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27 May 2014

Cheese Please


The variety of cheeses offered in most supermarkets can be overwhelming, but don't be afraid to give them a try.  A few tips to get you started:
  • Buy blocks of blue or feta cheese rather than the prepackaged stuff.  You can crumble it yourself with almost no effort, it's cheaper, and it tastes much better.
  • If you feel like exploring a new cheese, try selecting one that looks similar to one you know you like.  For example, if you like Brie, try another soft cheese with a white rind.
  • If fresh mozzarella is available, don't pass it up.  The most authentic is packed in water, but if that's not available, go for mozzarella balls wrapped in plastic.
How to store your cheese once you get it home?  Ideally, wrapped in parchment, then plastic, but who has time for that?  Just place it in a small resealable plastic bag, squeeze out the air, and store in the in crisper drawer.

Mmm...tasty!



20 May 2014

Coffee Cubes


Love iced coffee?  Hate what happens when you don't drink it quickly enough and the ice melts, leaving you with watered down coffee?

If so, try this - brew a pot of coffee, allow to cool, then pour into ice cube trays and freeze.  Then next time you make yourself a glass of iced coffee, use the coffee cubes rather than regular ice cubes.  When the coffee cubes melt, you'll get stronger coffee, not a watered down version.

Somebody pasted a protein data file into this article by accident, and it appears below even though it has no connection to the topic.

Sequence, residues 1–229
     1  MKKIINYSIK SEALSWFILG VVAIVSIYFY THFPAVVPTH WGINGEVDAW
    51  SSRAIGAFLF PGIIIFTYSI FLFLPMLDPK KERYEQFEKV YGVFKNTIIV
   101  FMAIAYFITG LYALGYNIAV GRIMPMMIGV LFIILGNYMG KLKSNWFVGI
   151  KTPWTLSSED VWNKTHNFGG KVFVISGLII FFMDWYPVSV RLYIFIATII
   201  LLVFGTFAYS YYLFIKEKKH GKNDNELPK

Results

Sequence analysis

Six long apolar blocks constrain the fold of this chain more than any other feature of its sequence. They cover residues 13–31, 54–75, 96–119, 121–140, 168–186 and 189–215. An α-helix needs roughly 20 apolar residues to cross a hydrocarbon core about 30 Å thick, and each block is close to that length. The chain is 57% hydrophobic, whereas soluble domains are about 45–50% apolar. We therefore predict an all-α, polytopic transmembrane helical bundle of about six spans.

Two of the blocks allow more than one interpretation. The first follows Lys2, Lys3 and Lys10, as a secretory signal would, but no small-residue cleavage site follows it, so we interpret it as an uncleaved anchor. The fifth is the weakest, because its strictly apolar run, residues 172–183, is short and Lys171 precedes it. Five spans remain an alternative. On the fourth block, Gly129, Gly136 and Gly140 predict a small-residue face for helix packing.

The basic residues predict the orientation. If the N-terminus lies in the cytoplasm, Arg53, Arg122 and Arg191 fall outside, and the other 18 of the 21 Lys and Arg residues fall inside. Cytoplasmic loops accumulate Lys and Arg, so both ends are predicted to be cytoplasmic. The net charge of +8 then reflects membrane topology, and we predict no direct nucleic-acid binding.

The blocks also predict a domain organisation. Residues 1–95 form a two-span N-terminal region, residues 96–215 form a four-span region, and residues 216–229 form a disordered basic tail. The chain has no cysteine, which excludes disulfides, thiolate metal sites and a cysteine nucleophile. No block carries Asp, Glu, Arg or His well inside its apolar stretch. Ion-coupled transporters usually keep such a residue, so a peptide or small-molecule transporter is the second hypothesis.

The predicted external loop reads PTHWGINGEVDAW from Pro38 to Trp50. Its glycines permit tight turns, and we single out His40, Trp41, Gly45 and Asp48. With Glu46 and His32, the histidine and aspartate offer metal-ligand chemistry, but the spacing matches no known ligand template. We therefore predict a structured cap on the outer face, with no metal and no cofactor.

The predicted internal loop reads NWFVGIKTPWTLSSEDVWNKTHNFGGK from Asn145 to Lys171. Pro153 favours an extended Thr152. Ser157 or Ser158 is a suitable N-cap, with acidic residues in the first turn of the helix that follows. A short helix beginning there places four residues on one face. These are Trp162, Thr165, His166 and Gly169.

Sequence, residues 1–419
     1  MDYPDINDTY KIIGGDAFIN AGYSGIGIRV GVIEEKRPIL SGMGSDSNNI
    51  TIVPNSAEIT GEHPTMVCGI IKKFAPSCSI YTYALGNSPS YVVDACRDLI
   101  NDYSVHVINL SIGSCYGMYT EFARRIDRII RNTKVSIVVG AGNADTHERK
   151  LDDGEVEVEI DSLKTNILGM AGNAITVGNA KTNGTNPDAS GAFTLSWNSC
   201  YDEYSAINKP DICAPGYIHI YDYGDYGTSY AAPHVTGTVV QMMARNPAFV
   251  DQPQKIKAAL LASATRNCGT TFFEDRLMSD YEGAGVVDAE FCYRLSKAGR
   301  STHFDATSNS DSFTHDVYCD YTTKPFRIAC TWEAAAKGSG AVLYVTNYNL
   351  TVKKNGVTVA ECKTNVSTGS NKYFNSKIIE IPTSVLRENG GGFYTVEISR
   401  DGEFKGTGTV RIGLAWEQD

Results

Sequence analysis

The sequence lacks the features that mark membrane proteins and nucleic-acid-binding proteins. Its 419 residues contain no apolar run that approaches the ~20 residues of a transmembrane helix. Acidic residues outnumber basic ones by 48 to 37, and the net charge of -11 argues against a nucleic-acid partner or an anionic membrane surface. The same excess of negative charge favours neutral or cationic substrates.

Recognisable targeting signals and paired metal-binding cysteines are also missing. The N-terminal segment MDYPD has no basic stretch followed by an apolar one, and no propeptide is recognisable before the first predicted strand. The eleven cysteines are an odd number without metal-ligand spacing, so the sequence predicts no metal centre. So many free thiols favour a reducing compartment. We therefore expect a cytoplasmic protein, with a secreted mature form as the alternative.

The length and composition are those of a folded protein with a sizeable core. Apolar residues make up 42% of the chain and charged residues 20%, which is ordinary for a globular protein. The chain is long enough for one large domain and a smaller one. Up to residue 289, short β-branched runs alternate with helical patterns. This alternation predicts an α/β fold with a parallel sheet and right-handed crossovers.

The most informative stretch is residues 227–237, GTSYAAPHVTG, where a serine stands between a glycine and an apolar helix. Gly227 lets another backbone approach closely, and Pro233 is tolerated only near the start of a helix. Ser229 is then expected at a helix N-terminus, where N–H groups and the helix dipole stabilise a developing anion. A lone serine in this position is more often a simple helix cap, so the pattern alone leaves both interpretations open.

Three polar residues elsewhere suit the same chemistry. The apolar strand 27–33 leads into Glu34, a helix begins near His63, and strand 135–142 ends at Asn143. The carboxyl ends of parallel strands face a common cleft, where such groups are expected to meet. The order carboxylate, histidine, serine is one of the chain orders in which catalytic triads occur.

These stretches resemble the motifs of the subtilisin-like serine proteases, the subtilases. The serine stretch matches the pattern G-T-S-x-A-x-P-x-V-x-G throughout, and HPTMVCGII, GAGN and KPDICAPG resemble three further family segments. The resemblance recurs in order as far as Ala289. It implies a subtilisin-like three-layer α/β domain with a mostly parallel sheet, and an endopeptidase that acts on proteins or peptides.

Bonus use for the coffee cubes - try using them in a glass of Bailey's Irish Cream.  Good stuff.

Mmm...tasty!


13 May 2014

Back to Black


If you need black buttercream icing for use on cakes, cookies, or other baked goods, try starting with chocolate buttercream rather than a white/light colored buttercream.  The chocolate gives you a darker base color to start meaning you won't have to use near as much black food coloring...and that's always a good thing.

Mmm...tasty!


07 May 2014

Variety

It's the spice of life.  At least that's what they always say.  Whose "they" anyone?  Not that I disagree with them, but sometimes it's nice to know who is giving you advice...

And exactly what type of spice is it, anyway?

But, I digress.  I have a variety of goodies today - everything from cupcakes to pretzel rods and more in between.

06 May 2014

Peak Perfection


Your recipe calls for beating whipped cream or egg whites to soft or stiff peaks...but how do you know the difference?  Easy - just lift up the beaters.

Soft peaks will be thick but still droopy - perfect for whipped cream.
Stiff peaks will stick straight up from the beaters without drooping - usually what you're looking for when making meringues.

Here's a visual, too!

Technique-Whipping Soft and Stiff Peaks
Illustration by Claudia Pearson
from Every Day with Rachael Ray Blog

Mmm...tasty!